Ranked on the right edge in a column occupying the center half of the edge is a column of seven silver stars of seven points each, one point to top.
At the lower right, just above the tip of the serpent's tail (described below) is a lion of Assyrian style between two outward arched crescents. The lower crescent is golden and the lion's only visible hind foot rests on the center of the crescent. The upper crescent is silver and gripped by the lion's left paw at the lower horn. The face of the lion is directly at but not touching the center of this crescent. The right paw of the lion touches the lower quarter of this crescent with talon tips only. These two crescents are so aligned that their horn tips could be connected by parallel lines about 45 degrees from the horizontal, upper to the left and lower to the right. The lion is green on white with gold accents, tail arched upward in a crescent and tipped in gold. The eye is red and the tongue extends in red as well. There are black accents about the edges of the mane and below the chin.
At the lower left, framed by the serpent to left and below, is an Assyrian winged bull, flank view and facing right. The fore quarters stand on a silver sphere, while the hind quarters stand on a gold cube in parallel projection with the full face to the lower left. The Assyrian king's head is crowned and bearded as usual and colored in orange and gold over yellow. There are two silver horns issuing from the back of the head and angling upward just above and past the temples --- the horns are bull-like otherwise, and are only slightly curved. The wings form a bundle, more tucked under the back of the hair like a newspaper under an elbow than naturally rooted. These wings show only on the facing side, are blue and gold on white and have the usual shape for an Assyrian bull otherwise. They are fully as thick as the body and extend above it. The fore quarters are leonine in red and gold over orange. The hind quarters are taurian in gray brown over white. The bull is male, with a taurian tail hanging down below the hooves. The hind hooves are gold. The "saddle" of the bull is done in orange plates on gold.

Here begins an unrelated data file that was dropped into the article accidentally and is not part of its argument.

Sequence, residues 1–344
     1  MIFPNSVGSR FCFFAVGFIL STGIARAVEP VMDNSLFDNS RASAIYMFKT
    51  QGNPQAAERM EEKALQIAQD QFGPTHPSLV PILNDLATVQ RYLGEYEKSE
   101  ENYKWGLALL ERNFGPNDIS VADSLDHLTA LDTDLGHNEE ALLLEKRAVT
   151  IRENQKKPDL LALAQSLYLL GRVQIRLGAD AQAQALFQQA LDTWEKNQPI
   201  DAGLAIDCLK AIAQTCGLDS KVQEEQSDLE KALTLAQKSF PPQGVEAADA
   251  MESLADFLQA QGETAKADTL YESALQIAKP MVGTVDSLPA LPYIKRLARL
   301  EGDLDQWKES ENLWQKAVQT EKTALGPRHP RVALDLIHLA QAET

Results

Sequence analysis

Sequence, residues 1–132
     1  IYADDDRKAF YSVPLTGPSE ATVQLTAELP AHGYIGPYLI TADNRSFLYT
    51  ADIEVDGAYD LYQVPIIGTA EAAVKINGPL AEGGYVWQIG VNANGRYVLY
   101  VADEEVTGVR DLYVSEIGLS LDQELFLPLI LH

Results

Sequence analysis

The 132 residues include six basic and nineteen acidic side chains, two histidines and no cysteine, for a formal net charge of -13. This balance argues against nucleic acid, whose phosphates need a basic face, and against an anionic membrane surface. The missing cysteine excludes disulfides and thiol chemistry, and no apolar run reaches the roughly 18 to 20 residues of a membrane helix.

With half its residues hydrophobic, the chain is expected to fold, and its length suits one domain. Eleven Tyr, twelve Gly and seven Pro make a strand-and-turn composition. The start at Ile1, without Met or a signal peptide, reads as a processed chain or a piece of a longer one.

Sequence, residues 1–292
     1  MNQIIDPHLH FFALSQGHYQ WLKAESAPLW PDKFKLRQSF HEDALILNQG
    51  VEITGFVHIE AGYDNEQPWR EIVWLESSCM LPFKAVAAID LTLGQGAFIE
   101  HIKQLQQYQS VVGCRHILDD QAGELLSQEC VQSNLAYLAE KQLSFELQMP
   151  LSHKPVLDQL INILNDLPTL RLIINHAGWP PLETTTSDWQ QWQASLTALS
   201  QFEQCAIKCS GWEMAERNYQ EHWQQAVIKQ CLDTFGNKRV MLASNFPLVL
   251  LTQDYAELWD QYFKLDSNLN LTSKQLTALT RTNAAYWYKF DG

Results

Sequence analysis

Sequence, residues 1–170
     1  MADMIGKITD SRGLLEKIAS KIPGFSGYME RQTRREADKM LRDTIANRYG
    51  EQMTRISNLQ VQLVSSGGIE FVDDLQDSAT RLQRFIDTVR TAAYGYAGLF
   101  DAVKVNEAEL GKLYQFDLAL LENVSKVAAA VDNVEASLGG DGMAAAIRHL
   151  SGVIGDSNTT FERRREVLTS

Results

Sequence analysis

Across the bottom and on the left side is a predominantly red-orange serpent with yellow scutes divided by orange. The scales on the back are represented in red dots on orange and defined by silver and red. Eye in blue. Teeth dog- like in blue with black boning. The body makes seven tight loops separated by arcs on the left of the illustration, curves to make two and a half undulations across the bottom and arches downward in a semicircle at the upper left corner. Flames in yellow and red are associated with the head as: Three flames accented gold brown in the shape of the Hebrew letter Shin above head, directly above brow and eye. One flame from nostril, slanting upward toward top center of plate. One flame accented in gold brown pendant to chin like an old man's beard. A gout of flame in four points issues triangularly downward from the mouth, and this is divided by a very forked tongue in gold brown (divides 1/8 inch from mouth and extends one inch past division point) such that the two outer points of flame are separated from the two inner by the fork.